Colorado beetle season about to start


<p>No Colorado beetles have been found in Finland in the past two years. The findings of the beetle have not in the last few years been particularly large in the areas close to Finland, so there would not seem to be a great risk of an invasion at present. Evira is monitoring the direction of the air currents and will target the inspections accordingly. The alertness of the public in keeping an eye out for beetles and in reporting any findings is important.</p>

The closest permanent populations of Colorado beetles are found south and east of Lake Ladoga in Russia. The adult Colorado beetles that have burrowed into the ground come out of hibernation when the temperature of the soil exceeds 15 degrees. This usually happens at the end of June and beginning of July. If the amount of beetles hibernating in a particular area is large, they will migrate to new areas in search of better feeding grounds. The beetles are poor fliers, however, and need favourable air currents to travel over larger distances.

Colorado beetles occur commonly in the Baltic countries and in Russia, so air currents and thunderstorm fronts from the east and south-east, in particular, add to the risk of them drifting to Finland. In addition to the air currents, the beetles can be carried to Finland on cars and trains to a minor extent. The risk of a Colorado beetle invasion is highest in South Karelia, North Karelia and South Savo, but thunderstorms can carry the beetles also to other parts of Finland. The plant protection inspectors of Evira and the Centres for Economic Development, Transport and the Environment start their inspections after mid-July.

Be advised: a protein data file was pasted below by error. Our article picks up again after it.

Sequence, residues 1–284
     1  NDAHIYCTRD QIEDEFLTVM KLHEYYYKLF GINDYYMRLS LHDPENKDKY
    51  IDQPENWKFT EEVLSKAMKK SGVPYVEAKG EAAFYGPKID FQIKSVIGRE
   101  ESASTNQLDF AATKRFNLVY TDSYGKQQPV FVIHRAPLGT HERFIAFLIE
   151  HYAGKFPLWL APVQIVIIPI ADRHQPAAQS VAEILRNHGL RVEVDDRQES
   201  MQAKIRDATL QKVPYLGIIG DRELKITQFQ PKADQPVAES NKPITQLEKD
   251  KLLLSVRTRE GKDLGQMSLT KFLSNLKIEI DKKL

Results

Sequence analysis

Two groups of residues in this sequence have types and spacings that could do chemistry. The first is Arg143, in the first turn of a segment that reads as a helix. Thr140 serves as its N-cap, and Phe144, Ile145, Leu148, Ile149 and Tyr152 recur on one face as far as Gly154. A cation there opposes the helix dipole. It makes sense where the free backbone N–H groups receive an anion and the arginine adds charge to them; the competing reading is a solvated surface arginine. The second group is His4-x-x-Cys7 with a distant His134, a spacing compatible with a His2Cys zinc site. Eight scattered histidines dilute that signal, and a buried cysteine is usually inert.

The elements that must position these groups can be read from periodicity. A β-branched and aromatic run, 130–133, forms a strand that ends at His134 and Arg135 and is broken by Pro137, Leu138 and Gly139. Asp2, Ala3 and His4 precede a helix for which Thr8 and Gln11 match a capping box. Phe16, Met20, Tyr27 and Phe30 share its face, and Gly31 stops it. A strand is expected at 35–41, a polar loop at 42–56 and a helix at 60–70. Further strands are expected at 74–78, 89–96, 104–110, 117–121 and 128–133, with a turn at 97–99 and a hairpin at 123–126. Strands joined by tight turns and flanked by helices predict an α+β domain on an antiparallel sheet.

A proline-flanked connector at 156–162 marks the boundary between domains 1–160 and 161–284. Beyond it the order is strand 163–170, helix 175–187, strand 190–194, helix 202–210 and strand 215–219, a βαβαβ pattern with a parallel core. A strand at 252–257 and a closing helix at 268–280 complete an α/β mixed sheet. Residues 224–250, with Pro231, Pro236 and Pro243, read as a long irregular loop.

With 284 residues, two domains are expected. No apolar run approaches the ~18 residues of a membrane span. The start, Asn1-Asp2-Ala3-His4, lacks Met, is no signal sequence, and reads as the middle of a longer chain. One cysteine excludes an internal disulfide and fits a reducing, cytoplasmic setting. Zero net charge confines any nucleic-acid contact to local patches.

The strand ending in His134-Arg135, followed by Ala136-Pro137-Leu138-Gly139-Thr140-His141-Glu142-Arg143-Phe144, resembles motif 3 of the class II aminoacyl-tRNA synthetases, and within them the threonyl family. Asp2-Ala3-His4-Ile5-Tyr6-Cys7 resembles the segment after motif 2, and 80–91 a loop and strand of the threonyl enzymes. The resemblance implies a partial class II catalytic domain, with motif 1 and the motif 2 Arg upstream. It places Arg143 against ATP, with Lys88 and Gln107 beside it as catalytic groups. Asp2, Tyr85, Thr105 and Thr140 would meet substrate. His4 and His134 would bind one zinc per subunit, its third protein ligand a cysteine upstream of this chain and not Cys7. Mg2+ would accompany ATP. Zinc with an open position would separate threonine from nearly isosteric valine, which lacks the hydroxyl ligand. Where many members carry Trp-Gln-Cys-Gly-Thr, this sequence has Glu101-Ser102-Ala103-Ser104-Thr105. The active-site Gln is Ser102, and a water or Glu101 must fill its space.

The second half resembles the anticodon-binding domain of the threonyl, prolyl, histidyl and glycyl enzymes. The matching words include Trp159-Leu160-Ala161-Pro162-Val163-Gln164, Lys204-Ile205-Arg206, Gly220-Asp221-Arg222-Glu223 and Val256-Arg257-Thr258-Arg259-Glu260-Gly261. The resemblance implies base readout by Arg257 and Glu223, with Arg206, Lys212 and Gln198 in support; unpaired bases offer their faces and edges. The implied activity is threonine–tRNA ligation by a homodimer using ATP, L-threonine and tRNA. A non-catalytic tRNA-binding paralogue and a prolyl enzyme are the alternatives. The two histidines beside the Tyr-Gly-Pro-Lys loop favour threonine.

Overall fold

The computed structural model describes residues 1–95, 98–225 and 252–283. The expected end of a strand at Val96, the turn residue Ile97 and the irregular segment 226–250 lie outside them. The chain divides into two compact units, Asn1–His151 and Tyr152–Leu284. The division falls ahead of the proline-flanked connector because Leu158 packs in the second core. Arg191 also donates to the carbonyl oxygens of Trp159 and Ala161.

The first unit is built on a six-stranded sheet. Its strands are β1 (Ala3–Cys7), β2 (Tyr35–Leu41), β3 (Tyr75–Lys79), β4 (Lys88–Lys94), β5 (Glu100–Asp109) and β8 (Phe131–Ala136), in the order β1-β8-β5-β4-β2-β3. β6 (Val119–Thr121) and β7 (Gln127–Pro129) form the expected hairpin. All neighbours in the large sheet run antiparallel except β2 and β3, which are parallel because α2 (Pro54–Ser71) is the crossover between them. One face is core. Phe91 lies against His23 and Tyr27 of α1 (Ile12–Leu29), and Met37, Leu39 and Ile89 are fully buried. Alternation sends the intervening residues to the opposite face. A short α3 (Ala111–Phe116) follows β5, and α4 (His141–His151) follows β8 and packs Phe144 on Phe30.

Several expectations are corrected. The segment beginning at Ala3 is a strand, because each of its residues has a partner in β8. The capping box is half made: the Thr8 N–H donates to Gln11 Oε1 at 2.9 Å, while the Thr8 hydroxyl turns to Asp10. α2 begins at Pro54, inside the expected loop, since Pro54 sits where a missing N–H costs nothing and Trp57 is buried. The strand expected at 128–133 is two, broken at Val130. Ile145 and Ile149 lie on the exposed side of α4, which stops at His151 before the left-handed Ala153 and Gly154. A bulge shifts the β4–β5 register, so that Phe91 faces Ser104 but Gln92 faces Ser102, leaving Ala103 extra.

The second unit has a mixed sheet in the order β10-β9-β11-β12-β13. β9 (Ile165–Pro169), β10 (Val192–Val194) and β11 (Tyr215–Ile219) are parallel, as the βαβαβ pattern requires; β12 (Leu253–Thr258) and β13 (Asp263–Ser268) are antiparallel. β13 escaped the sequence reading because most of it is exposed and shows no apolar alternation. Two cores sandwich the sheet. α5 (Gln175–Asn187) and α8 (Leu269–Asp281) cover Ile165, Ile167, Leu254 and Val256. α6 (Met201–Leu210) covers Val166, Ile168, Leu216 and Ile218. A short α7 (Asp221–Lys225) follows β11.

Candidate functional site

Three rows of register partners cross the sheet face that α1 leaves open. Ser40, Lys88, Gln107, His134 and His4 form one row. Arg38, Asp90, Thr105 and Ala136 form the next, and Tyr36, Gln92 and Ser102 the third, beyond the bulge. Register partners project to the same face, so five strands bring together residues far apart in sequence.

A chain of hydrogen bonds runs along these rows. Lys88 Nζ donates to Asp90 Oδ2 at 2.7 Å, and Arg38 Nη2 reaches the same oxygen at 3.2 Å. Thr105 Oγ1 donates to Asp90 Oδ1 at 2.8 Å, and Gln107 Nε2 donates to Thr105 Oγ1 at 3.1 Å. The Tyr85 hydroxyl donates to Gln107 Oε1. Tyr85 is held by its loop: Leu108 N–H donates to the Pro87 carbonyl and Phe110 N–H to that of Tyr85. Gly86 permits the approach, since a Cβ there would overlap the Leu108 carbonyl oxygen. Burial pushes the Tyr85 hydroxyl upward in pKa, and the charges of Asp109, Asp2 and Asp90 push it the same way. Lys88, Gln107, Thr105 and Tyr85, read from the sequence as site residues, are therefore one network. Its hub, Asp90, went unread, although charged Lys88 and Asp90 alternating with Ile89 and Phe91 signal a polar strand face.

An adult Colorado beetle is about one centimetre long. There are 10 black longitudinal stripes on the yellow back and the pronotum is orange with black spots. The beetle’s semolina sized yellow eggs are in tight groups on the underneath of the leaves. The larvae are orange in colour with black spots in two rows on both sides. The larvae do not appear until the turn of July-August.

The adult beetles and larvae first eat holes in the potato leaves and later eat the leaves almost completely, making them easy to detect. In the home garden there are many other common insects that eat the leaves of plants. The Colorado beetle only eats the leaves of potatoes and other solanaceae.

Hot line for reporting of findings in Finland (9 am. to 8 pm.): +358 40 801 4407.

Unless a specific need arises, Evira will issue the next Colorado beetle communication on 14 July 2010.

For more information, please contact:
Atro Virtanen, Senior Officer, tel. +358 (0) 2077 25047
Raija Valtonen, Section Head, tel. +358 (0) 2077 25040


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